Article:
Racial disparities in pediatric diabetes treatment
Type 1 diabetes (T1D) is the third most common pediatric chronic disease in the United States, and the risk of the disease has risen sharply in non-Hispanic Black (NHB) children in the last 20 years, data show. Ironically, the significant advances in T1D therapeutics over recent years, especially new technologies, may have exacerbated racial disparities in diabetes treatment and outcomes.
In an article in the journal Pediatric Diabetes, researchers from the University of Pennsylvania School of Nursing (Penn Nursing) and the Children's Hospital of Philadelphia detail their retrospective study of more than 2,800 children with T1D. Their findings have helped quantify racial and ethnic disparities in health care use, technology application, and outcomes in pediatric diabetes treatment.
"Disparities in these treatments are of clinical significance, as both intensive insulin therapy and the incorporation of technology have been associated with improved glycemic control and, consequently, reduced long-term complications," writes Terri H. Lipman, Ph.D., CRNP, FAAN, Miriam Stirl Endowed Term Professor of Nutrition, Professor of Nursing of Children and Assistant Dean for Community Engagement at Penn Nursing.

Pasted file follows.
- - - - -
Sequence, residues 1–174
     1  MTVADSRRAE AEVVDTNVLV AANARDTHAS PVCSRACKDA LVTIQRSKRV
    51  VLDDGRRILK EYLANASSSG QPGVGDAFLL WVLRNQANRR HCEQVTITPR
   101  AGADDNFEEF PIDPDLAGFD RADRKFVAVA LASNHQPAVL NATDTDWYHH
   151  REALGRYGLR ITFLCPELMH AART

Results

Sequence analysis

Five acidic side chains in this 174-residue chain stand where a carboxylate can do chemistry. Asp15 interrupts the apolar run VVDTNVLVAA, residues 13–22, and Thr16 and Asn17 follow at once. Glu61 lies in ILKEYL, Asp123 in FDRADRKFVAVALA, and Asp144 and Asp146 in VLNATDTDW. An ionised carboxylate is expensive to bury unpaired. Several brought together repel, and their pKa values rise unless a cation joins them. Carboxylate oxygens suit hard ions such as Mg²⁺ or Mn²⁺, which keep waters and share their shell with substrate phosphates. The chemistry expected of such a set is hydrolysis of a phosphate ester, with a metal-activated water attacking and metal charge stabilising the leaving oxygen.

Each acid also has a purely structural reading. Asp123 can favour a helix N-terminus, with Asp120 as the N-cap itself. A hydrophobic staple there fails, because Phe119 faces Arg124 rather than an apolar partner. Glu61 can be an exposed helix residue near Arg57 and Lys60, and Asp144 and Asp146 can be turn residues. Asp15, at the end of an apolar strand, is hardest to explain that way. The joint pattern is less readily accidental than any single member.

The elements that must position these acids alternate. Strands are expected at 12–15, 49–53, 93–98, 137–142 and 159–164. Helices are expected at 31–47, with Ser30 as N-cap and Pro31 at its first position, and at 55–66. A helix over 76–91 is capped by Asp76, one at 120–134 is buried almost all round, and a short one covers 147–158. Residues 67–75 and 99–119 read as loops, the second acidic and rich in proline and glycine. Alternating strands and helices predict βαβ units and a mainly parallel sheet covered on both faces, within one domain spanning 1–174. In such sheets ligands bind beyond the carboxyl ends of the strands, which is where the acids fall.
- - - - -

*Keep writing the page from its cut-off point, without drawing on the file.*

The article, "Racial Disparities in Treatment and Outcomes of Children With Type 1 Diabetes," details how treatment modalities, clinical outcomes, and appointment attendance in NHB versus non-Hispanic white and Hispanic children with T1D were examined while including the contribution of insurance status (as a proxy for socioeconomic status) to these disparities. Despite similar outpatient appointment attendance rates, significant disparities in continuous glucose monitoring and insulin pump use were observed.
"Disparities in health care cannot be eliminated without a societal effort to address structural racism. The underlying etiologies of health care disparities, including the impact of patient and provider bias, should be fully investigated and strategies developed to mitigate these contributing factors," concludes Lipman.